And when the big moving day came, it was rather anticlimactic. We watched as our friends packed a few last things in the car, snapped some pictures, the kids hugged, and that was that. We were at my parents’ house for dinner that evening when my cell phone beeped. Our neighbor had sent us a picture of Sammy with the text line, “Miss You!” I snapped my own picture and responded.

And it quickly hit me that kids today, even kids as young as 4 or 5, don’t have to be traumatized by a move, because it’s so much easier to stay in touch. When I was young and one of my friends moved across the country, we exchanged a few letters but rather quickly lost contact with each other. But between e-mail, cell phones (no costly long-distance bills!), and even Webcams (a trick we haven’t tried yet), kids can maintain a semblance of friendship even over vast miles.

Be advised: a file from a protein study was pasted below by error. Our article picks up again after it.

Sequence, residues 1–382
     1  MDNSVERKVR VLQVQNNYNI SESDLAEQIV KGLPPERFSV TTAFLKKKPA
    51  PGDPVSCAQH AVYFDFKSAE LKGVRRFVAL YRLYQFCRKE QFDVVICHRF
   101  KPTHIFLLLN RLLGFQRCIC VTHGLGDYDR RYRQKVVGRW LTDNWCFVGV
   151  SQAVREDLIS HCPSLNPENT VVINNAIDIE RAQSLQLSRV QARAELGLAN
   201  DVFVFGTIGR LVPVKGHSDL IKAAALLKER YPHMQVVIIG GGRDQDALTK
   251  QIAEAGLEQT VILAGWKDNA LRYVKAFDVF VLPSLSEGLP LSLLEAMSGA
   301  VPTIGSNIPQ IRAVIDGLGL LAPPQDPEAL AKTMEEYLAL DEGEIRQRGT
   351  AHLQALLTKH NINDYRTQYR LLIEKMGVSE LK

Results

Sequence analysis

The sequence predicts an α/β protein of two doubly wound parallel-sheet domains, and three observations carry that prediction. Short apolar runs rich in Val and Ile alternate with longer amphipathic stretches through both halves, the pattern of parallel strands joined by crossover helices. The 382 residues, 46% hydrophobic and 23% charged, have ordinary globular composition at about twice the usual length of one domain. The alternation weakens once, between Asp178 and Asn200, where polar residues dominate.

Brandon has adjusted well. On our way home from our summer vacation, we made a minor detour so that we could visit our former neighbors. Brandon was giddy at the surprise, and he and Sammy picked up right where they had left off. Back in Cincinnati, Brandon is still eager to have a best bud, though, and he’s latched on to the little boy across the street who’s the same age. And now that preschool has started, he comes home with stories about his classmates.

When we as parents are trying to impart life’s lessons to kids—in this case, how to deal with losing a friend—I think it’s important that we are open to the lessons we can be learning ourselves. Brandon soldiered on with his happy childhood, even though it was a little duller perhaps, and I got to learn that children can be stronger and more resilient than we give them credit for.